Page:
Just what exactly is considered fast internet?
A lag spike is a major enemy of a good gaming experience. Fortunately, you can avoid encountering such problems with good internet speed. But how does one exactly do that? What do you need to have smooth gameplay or at least have one that’s lag-free and fun to play?
This article will explore the required internet speeds for gaming. And because that is such a wide area to talk about, we will break down the minimum requirements for the most common types of online games, too. We’ll also cover some basics quickly. So, keep reading!
What is Good Internet Speed for Gaming?
In reality, determining the good internet speed, you need for gaming depends on two things: the device you play with and the game itself.
However, if you want a quick answer, most online games can be played smoothly at 25 Mbps download speed. 3 Mbps is the bare minimum to play a game online, but higher Mbps usually means faster, so aim for at least 25 Mbps. And this is just for casual players.
If you’re playing competitively, try to go for at least 50 Mbps or higher. 100 Mbps is the recommended internet speed indicated by some, but somewhere around 50 Mbps is already passable if you’re the only one using the internet in your area.
But then, there’s more to a better gaming experience than just measuring your download and upload Mbps speeds. Latency or ping rate also plays a huge role in gaming. And this is arguably as important as internet speed, if not more.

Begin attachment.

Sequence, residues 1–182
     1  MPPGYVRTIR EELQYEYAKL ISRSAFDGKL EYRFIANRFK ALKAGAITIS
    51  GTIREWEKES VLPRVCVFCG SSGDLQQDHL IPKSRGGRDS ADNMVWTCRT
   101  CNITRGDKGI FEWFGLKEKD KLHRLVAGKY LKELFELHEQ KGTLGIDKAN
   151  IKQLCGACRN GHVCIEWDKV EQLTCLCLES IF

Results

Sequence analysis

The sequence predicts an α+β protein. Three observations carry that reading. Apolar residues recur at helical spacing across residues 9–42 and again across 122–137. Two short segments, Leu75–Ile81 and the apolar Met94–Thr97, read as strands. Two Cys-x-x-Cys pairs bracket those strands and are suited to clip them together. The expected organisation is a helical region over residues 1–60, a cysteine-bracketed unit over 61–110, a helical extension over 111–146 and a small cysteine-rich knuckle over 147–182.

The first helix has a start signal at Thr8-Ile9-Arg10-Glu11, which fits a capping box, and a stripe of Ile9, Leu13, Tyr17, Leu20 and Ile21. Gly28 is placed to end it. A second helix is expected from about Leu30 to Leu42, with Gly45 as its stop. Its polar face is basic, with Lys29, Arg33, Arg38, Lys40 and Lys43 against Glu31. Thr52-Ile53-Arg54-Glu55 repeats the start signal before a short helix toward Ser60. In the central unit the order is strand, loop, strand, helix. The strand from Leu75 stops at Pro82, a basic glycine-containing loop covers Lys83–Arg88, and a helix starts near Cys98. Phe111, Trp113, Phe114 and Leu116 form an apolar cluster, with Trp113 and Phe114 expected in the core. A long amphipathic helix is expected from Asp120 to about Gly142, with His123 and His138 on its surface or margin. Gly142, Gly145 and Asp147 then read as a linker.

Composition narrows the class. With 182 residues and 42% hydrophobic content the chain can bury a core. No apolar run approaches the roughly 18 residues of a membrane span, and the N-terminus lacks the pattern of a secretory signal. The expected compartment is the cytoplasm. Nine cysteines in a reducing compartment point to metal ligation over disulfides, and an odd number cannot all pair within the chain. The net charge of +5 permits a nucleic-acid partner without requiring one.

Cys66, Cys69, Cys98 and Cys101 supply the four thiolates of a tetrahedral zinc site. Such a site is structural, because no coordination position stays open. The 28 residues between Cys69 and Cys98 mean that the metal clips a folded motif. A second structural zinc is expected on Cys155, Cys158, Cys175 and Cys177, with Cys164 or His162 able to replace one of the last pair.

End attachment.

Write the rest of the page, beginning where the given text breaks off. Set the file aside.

What Does Latency Mean?
Latency basically means how long data is transmitted from one designated point to another. Think of packets of data as cargo ships coming and going out of port. Your device is one port, while the destination port is the game’s servers, and then vice versa. How long it takes for that ship goes from one port to another, and then back is called “latency”.
Latency also refers to the time lost between the data transfer. When you play online games, your input (by the way of pressing keys) needs to keep up with the data transfer, or else you won’t be able to respond on time. A few seconds delay in a real-time FPS competition, for example, can result in a loss, which we can all agree is something we don’t want.
Going back to our ship analogy, if it encounters interference along the way, it may arrive at the port longer than it should. Data packets can also be lost due to these delays. As a consequence, when the data returns to you, there are already jarring changes such as time jumps. One second ago, you may still be pursuing the enemy, and then due to lag, you’ve already been slain because you’ve been shot during the delay and you didn’t have time to react.
What is Ping in Gaming?
Latency is measured by ping rate in milliseconds. The higher the ping rate is, the more lag you have. On the other hand, the lower the ping rate is, the less lag you have and the more in sync you are with the game.
To have a better game experience, you need to aim for a lower ping rate. Games that are played in real-time by multiple players and fast-paced ones require low latency. Some of the most popular titles in gaming today work better in low pings, such as Valorant, League of Legends, Fortnite, and Call of Duty.
Upload Speed vs Download Speed
I’m sure you’ve already heard about upload speed and download speed. These two are different but both are used to measure your internet speed.